The Wine Road of Northern Sonoma County is celebrating its 40-year anniversary with events throughout the year.
The Wine Road is actually a constellation of about 200 wineries and 50 lodgings in three AVAs: the Russian River Valley, the Alexander Valley, and Dry Creek Valley. Vineyards were planted here in the 19th Century, some date back more than 130 years, when Italian and French immigrants settled in this wine-growing paradise that provides some of the finest Chardonnay, Sauvignon Blanc, Chardonnay, Zinfandel, Merlot and Cabernet.
In March, I was able to see some of the annual festivities, which included sampling the 2015 vintage right out of the barrel. Barrel-tasting is an opportunity to get a glimpse of the wine before it's fully aged and bottled. Oeneophiles are able to buy "futures," getting significant pre-sale deals directly from the winery.
So, three insider tips if you're interested in checking out some of the events in the upcoming year.
First, stay at a wine estate rather than a traditional hotel. I spent a weekend at Tara Bella, a charming winery in the Russian River Valley run by Kevin and Wendy Morrow, who began making wine in their garage three decades ago. Now they make Cabernet Sauvignon aged in French Oak for 22 months.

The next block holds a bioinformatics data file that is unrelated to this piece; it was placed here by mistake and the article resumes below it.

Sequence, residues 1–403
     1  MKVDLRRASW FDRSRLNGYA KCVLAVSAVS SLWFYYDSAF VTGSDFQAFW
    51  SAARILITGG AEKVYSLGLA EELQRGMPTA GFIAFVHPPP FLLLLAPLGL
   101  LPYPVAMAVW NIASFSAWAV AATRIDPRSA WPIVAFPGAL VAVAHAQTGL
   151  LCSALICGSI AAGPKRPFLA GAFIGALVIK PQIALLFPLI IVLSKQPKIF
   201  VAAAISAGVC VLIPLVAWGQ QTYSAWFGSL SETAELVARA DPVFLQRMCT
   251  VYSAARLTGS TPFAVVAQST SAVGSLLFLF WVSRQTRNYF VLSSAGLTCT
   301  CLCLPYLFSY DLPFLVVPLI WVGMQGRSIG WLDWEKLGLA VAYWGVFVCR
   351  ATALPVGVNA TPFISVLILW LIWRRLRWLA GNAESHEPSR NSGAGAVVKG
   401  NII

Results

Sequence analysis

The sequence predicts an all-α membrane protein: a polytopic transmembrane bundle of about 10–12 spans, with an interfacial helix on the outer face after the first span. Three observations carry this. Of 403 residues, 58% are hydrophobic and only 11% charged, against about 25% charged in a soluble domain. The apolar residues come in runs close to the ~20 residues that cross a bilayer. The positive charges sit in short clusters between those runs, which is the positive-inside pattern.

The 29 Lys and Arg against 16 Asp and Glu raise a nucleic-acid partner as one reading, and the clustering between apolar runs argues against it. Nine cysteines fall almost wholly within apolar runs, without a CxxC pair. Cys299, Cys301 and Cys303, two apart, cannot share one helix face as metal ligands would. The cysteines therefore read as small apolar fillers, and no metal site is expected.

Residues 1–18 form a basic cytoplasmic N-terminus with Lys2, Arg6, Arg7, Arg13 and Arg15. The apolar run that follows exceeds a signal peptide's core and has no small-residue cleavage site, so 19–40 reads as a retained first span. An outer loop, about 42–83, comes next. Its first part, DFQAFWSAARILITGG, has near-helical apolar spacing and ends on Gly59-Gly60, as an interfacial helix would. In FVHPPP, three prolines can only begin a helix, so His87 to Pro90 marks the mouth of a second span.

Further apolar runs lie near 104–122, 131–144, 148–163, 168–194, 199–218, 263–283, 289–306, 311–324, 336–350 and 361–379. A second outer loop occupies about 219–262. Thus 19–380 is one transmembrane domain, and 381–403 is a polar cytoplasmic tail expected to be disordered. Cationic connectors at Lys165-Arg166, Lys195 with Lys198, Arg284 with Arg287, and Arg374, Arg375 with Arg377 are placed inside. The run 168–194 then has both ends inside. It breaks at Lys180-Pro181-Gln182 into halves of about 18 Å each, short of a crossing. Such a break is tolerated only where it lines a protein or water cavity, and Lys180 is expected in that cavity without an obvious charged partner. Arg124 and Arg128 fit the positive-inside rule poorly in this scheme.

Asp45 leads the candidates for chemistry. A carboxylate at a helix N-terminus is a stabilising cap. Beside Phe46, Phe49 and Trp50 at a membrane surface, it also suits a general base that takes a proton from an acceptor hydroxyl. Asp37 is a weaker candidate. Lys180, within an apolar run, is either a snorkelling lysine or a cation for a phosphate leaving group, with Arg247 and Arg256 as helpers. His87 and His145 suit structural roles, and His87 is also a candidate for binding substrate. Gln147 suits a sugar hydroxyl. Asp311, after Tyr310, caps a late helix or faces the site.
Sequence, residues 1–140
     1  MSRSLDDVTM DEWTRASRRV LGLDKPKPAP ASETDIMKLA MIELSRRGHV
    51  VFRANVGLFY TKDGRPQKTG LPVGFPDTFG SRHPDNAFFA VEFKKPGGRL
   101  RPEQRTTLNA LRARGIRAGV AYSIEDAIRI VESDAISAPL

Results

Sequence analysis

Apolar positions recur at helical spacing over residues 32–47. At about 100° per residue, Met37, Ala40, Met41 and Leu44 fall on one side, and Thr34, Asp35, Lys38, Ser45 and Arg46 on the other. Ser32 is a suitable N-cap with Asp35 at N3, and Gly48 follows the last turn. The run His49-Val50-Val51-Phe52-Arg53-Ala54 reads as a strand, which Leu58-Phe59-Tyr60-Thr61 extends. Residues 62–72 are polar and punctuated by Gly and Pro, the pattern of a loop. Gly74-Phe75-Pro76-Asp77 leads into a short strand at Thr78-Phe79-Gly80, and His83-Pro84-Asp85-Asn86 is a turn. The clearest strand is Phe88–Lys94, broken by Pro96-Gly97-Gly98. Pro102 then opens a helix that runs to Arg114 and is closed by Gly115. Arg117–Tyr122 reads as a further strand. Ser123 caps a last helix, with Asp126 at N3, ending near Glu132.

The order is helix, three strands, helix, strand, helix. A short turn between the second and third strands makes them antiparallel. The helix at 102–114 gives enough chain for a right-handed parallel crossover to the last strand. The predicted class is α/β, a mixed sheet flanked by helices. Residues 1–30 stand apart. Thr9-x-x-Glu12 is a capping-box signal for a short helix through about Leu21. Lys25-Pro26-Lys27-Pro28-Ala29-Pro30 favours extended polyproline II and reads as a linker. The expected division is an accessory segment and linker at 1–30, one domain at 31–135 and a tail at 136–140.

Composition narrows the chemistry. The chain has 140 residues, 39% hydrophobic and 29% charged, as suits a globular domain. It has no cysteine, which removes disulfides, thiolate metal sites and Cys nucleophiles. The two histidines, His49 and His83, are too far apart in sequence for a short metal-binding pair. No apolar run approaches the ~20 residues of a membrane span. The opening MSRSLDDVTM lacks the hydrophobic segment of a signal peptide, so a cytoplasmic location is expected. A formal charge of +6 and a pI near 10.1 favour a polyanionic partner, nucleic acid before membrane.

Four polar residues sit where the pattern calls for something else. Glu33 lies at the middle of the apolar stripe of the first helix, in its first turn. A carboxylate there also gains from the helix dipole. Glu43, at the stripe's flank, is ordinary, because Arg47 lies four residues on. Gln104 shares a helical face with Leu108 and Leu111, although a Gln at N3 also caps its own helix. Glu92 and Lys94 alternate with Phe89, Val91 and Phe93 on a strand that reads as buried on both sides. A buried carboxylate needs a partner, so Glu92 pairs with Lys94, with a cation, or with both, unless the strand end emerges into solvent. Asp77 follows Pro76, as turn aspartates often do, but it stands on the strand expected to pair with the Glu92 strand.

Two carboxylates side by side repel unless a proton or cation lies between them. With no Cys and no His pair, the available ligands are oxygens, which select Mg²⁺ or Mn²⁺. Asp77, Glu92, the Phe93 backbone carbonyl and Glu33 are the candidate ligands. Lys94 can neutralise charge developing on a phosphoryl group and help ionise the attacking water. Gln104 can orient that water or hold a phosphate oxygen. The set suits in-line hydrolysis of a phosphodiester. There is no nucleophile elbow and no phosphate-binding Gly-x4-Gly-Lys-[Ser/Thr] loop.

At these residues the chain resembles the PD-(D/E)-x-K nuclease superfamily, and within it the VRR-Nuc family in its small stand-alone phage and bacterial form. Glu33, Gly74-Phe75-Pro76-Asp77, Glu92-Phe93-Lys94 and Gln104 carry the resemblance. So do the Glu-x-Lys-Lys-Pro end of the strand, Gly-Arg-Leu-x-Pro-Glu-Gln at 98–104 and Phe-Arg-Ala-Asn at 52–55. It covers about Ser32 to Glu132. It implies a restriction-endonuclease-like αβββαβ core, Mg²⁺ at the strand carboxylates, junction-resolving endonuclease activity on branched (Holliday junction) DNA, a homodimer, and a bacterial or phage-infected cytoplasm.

Second, enjoy the best restaurants in the area. Here are my favorites.
Breakfast: Willow Wood Market Cafe
The locals flock to this out-of-the-way diner in the tiny town of Graton for good coffee and the best breakfast around. The open-face egg salad sandwich is heavenly.
Lunch: Willi's Wine Bar.
The small-plates menu at this former stagecoach stop is divided into "surf," "turf" and "earth." So you don't have to decide if you're in the mood for curried crab tacos with apple, cucumber and mint; goat cheese gnocchi, exotic mushrooms and truffle fonduta; or filet Mignon sliders topped with creamed spinach and whole-grain mustard Bearnaise, you can just get them all.
Dinner: Stark's Steak & Seafood
The best steak joint in the county, located in historic downtown Santa Rosa. Nothing beats a 32-oz. Porterhouse carved at your table. The beef here is of the highest order, from the Snake River Farms Kobe flatiron to the Piedmontese filet Mignon wrapped in bacon. The housemade sauces and rubs are the perfect accompaniment. Well, that and a glass of the local red.
The third tip is to get a driver. The roads are often winding and narrow, but the wine flows generously. So do yourself -- and everyone else -- a favor, and bring a designated driver or, better still, rent a limo for the day. After all, nothing ruins a good buzz more than getting behind the wheel. So be a passenger and drink up (not in the car, of course).